173. In addition, the Commission asks commenters to address the advantages and disadvantages of extending the Commission's obligation to take "reasonable steps" to protect confidential licensee data beyond the effectiveness of any reassignments and reallocations of broadcast television spectrum. After the statutory obligation in section 6403(a)(3) no longer applies, would the licensee data qualify for any exemptions from disclosure under the Freedom of Information Act (FOIA) Should the duration of the protection afforded to confidential licensee data be different for participants that successfully bid to relinquish spectrum usage rights in the reverse auction, as opposed to participants whose bids are not accepted Are there any other issues the Commission should consider regarding the "reasonable steps" it should take to protect confidentiality and the duration of such protection, such as the public policy interest in transparency 174. The Commission also requests that commenters address whether the obligation to protect confidential Commission-held data should apply solely to the Commission, or extend to applicants in the reverse auction. Specifically, are there any legal or policy reasons to prohibit an applicant from announcing publicly or privately that it is participating in the reverse auction, or from releasing any of its identifiable information in connection with the auction A reverse auction applicant may be prohibited by Commission rule from communicating its bid contents or bidding strategies to other applicants. Should applicants be entitled to note in the application that their information is not deemed by them to be "confidential" and that they waive any rights to protect it from disclosure If a licensee, permissibly or impermissibly, publicly releases information regarding its participation in the reverse auction, the Commission proposes that such information would no longer be "confidential[ ] * * * Commission-held data" and, thus, the Commission would not be bound to protect the already released information. In addition, should applicants be prohibited from disclosing information regarding other licensees' participation in the reverse auction The Commission seeks comment on these issues.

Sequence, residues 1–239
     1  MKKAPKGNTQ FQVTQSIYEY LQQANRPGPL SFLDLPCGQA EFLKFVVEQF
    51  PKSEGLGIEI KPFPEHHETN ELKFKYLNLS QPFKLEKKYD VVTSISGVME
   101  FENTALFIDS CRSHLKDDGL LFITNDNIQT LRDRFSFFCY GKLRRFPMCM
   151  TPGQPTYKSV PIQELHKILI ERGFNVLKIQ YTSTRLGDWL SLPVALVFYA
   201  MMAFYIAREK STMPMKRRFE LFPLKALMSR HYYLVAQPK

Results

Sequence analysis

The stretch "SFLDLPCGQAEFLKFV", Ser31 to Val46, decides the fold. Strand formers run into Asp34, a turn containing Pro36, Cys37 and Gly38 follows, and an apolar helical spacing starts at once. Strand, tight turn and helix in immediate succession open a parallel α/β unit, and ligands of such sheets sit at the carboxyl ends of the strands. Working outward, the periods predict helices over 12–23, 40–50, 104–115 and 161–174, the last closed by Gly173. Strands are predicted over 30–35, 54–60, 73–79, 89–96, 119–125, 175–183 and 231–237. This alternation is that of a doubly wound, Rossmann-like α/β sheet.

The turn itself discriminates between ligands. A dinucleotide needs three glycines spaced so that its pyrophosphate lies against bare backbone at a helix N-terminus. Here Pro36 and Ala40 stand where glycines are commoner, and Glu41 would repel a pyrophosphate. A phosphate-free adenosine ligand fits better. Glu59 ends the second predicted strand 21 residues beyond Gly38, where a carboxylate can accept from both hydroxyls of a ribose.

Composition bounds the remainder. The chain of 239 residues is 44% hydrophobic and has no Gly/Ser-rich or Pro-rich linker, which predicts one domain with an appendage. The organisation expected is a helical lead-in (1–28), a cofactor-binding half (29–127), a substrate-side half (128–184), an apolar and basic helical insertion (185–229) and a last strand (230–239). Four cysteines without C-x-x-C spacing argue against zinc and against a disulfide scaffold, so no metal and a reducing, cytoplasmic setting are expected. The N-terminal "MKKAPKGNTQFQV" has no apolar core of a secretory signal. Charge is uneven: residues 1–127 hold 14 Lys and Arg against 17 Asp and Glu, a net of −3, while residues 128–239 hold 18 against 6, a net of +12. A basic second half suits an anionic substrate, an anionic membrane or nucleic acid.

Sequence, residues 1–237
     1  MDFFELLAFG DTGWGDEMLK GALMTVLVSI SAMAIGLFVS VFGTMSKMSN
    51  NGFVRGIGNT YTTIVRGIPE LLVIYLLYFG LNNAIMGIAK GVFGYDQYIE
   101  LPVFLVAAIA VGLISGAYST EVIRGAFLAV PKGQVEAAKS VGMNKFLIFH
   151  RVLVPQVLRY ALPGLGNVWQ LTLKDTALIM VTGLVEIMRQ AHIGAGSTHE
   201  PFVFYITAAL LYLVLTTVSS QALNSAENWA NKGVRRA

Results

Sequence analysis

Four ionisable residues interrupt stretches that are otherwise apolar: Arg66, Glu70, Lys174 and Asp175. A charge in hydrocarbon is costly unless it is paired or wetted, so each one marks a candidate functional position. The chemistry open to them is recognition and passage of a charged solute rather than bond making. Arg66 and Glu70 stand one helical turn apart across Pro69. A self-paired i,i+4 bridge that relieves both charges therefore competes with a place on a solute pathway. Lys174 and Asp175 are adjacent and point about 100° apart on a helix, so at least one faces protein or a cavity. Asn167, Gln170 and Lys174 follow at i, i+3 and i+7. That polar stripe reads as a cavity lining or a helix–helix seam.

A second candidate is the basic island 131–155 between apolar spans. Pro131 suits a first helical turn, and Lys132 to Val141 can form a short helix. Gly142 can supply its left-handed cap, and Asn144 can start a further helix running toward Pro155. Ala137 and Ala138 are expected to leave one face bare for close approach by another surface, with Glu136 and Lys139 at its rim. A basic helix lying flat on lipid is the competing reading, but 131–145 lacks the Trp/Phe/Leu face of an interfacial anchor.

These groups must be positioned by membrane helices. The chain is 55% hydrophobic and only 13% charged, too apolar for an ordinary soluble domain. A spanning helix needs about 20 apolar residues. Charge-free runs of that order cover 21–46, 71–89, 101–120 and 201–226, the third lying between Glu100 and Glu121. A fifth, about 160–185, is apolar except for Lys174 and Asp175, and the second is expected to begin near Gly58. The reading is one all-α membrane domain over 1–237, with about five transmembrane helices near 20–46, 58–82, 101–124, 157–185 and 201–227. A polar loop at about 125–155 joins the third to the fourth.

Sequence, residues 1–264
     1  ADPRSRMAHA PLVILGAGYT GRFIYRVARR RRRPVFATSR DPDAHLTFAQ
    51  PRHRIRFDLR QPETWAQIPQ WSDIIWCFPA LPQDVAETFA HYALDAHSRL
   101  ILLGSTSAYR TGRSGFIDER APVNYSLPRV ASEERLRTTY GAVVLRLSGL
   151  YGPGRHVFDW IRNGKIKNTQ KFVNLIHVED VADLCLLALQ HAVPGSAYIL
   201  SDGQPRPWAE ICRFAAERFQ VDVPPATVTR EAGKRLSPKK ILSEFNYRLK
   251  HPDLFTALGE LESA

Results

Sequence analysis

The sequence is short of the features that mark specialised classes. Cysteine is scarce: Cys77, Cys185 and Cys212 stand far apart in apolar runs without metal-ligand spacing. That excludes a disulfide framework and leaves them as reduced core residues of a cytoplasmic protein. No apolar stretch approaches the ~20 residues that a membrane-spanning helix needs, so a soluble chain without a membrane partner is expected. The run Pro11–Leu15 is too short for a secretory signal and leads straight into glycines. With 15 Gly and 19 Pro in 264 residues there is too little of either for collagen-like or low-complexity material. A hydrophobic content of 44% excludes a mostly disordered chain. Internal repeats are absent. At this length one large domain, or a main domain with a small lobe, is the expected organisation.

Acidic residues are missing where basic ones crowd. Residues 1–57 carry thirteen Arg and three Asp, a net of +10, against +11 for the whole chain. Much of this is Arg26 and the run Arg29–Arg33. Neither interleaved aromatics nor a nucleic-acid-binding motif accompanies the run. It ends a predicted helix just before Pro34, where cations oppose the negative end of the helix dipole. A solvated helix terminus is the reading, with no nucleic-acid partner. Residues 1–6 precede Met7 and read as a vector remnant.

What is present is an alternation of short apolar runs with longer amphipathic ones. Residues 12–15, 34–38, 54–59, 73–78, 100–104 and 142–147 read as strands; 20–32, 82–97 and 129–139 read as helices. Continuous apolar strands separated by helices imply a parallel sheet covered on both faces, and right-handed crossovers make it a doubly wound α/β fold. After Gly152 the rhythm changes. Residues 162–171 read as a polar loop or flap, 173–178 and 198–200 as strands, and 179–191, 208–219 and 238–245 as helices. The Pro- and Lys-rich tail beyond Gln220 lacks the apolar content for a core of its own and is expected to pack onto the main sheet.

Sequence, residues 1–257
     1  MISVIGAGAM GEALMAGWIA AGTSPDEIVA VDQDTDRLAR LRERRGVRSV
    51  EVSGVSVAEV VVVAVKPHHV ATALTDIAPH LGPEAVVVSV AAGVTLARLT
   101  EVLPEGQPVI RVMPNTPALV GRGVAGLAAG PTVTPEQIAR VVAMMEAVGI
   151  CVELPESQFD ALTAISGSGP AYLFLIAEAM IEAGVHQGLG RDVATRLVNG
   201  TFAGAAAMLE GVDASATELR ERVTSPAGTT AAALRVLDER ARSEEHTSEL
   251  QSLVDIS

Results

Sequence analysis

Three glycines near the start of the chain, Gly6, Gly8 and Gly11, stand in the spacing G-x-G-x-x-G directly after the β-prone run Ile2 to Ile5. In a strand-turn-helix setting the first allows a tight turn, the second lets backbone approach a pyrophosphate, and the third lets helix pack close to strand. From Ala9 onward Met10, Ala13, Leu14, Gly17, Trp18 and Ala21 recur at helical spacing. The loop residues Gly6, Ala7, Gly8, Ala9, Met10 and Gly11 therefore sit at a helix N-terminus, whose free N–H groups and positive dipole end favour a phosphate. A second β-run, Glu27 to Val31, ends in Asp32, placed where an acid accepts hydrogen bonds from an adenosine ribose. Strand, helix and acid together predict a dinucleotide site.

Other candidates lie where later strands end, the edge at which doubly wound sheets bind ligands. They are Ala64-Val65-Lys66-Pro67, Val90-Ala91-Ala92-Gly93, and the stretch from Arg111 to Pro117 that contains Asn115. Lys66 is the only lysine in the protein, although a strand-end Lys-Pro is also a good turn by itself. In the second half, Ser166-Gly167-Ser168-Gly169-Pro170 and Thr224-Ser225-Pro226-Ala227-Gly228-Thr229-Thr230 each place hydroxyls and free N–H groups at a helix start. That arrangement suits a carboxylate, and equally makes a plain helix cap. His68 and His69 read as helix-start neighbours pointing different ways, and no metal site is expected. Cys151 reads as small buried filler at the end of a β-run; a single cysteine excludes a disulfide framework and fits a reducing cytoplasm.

175. Auction participants may have legal obligations to disclose information that the Commission may be required to keep confidential pursuant to the Spectrum Act. For example, public companies must comply with the disclosure requirements of the Securities and Exchange Commission (SEC). More specifically, the SEC requires public companies to report on Form 8-K certain material, non-public events for purposes of shareholder disclosure. Of relevance here, the SEC requires that a public company disclose on Form 8-K any "Material Definitive Agreement." A material definitive agreement is defined as "an agreement that provides for obligations that are material to and enforceable against the registrant [ i.e., the filing party], or rights that are material to the registrant and enforceable by the registrant against one or more other parties to the agreement, in each case whether or not subject to conditions." If a public company has entered into a material definitive agreement, it must disclose on Form 8-K both (1) the date on which the agreement was entered into or amended, the identity of the parties to the agreement or amendment, and a brief description of any material relationship between the filing party or its affiliates and any of the parties, and (2) a brief description of the terms and conditions of the agreement or amendment that are material to the filing party. Does this reporting requirement apply in the context of a broadcast station participating in the reverse auction Would this scenario create any conflict with the Commission's confidentiality obligations under the Spectrum Act 176. Prohibition of certain communications. In the interests of fairness and maximizing competition in the reverse auction process, the Commission proposes to prohibit applicants in the reverse auction from communicating with one another directly or indirectly regarding the substance of their bids or bidding strategies during a time period commencing on or after the pre-auction application deadline and ending on a [Page Number 69961] date specified by public notice. Communications among applicants concerning matters wholly unrelated to the reverse auction, such as discussions between a broadcast affiliate and its network programming supplier on issues unrelated to the reverse auction, would not fall within the communications prohibition. This proposal is consistent with the Commission's approach in spectrum license auctions. The Commission seeks comment on this proposal, particularly with respect to the scope of the prohibition. In particular, should the Commission limit the prohibition to applicants within the same geographic region If so, how should the Commission define the relevant geographic region 177. Also, for purposes of this prohibition, should the term "applicant" include all controlling interests in the entity submitting the pre-auction application, as well as all holders of partnership and other ownership interests and any stock interest amounting to ten percent or more of the entity, or outstanding stock, or outstanding voting stock of the entity submitting the pre-auction application, and all officers and directors of that entity For NCE stations, should the "applicant" also include, where relevant, all members of the licensee's governing board 178. Should the Commission adopt any specific exceptions to the communications prohibition for certain applicants in the reverse auction In particular, recognizing that one party may have an attributable ownership interest in a number of different broadcast television licensees, should auction-related communications between applicants with attributable and/or controlling interests in one another be exempt from the communications prohibition Are there any other issues regarding the ownership structure of broadcast television licensees that the Commission should consider Should the Commission permit auction-related communications between applicants that have agreements or arrangements particular to the broadcast television industry, such as a local marketing agreement (LMA), a joint sales agreement (JSA), a shared services agreement (SSA), a network affiliation agreement, or another similar cooperative arrangement 179. Instead of adopting specific exemptions for particular types of relationships, consistent with the Commission's approach in spectrum license auctions, should it provide a more general exception to the proposed rule prohibiting certain communications that would allow parties to communicate with one another so long as they have entered into a partnership, joint venture, consortium, or other agreement, arrangement, or understanding relating to the spectrum usage rights being offered in the reverse auction if they have disclosed the existence of those relationships to the Commission Would disclosure of such agreements to the Commission sufficiently alleviate anticompetitive concerns, even if the Commission does not disclose the existence of such agreements publicly or to other participants in the reverse auction The Commission notes that even if its competitive bidding rules permit communications among certain reverse auction participants during the auction, participants must also adhere to any applicable antitrust laws. The Commission seeks comment on whether and how any applicable antitrust laws should affect a general exception to the prohibition of certain communications in the reverse auction.